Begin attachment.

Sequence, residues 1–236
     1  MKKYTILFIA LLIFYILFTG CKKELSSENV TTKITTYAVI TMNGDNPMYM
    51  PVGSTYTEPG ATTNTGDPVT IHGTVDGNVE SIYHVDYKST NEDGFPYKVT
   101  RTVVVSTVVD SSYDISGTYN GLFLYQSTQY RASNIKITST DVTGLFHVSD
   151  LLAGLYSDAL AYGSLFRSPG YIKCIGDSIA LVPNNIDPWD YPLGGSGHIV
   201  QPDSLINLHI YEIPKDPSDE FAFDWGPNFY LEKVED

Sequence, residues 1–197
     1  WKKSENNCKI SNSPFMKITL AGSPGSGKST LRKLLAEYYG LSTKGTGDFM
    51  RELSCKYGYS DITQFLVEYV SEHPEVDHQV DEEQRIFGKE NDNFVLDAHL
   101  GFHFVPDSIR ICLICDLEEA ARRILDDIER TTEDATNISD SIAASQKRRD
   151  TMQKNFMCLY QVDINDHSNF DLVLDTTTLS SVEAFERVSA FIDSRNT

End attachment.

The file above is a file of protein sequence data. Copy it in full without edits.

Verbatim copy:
Sequence, residues 1–236
     1  MKKYTILFIA LLIFYILFTG CKKELSSENV TTKITTYAVI TMNGDNPMYM
    51  PVGSTYTEPG ATTNTGDPVT IHGTVDGNVE SIYHVDYKST NEDGFPYKVT
   101  RTVVVSTVVD SSYDISGTYN GLFLYQSTQY RASNIKITST DVTGLFHVSD
   151  LLAGLYSDAL AYGSLFRSPG YIKCIGDSIA LVPNNIDPWD YPLGGSGHIV
   201  QPDSLINLHI YEIPKDPSDE FAFDWGPNFY LEKVED

Sequence, residues 1–197
     1  WKKSENNCKI SNSPFMKITL AGSPGSGKST LRKLLAEYYG LSTKGTGDFM
    51  RELSCKYGYS DITQFLVEYV SEHPEVDHQV DEEQRIFGKE NDNFVLDAHL
   101  GFHFVPDSIR ICLICDLEEA ARRILDDIER TTEDATNISD SIAASQKRRD
   151  TMQKNFMCLY QVDINDHSNF DLVLDTTTLS SVEAFERVSA FIDSRNT